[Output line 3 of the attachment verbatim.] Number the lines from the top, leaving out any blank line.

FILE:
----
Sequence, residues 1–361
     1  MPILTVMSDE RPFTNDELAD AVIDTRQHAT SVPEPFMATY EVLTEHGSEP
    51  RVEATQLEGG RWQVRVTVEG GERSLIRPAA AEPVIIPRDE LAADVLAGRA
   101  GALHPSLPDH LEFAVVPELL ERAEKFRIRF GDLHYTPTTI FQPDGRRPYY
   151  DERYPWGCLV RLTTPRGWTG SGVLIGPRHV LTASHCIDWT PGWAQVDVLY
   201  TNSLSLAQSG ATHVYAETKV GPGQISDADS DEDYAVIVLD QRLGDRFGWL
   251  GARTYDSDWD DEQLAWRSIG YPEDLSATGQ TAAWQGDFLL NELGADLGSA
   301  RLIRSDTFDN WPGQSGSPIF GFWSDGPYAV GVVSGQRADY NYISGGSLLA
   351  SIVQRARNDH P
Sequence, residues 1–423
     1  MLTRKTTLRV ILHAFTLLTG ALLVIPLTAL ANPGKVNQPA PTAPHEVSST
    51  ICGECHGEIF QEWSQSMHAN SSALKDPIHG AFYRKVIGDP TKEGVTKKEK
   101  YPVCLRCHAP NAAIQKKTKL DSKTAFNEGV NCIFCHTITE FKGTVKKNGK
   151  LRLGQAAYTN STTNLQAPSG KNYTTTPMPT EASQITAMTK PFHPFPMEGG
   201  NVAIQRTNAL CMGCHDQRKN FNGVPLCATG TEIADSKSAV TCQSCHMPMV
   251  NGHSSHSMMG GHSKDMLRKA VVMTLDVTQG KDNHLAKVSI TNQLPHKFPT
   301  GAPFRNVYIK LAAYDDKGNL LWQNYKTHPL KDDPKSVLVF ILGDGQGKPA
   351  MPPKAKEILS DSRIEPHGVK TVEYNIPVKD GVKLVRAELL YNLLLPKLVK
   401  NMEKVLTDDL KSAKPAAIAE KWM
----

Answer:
    51  RVEATQLEGG RWQVRVTVEG GERSLIRPAA AEPVIIPRDE LAADVLAGRA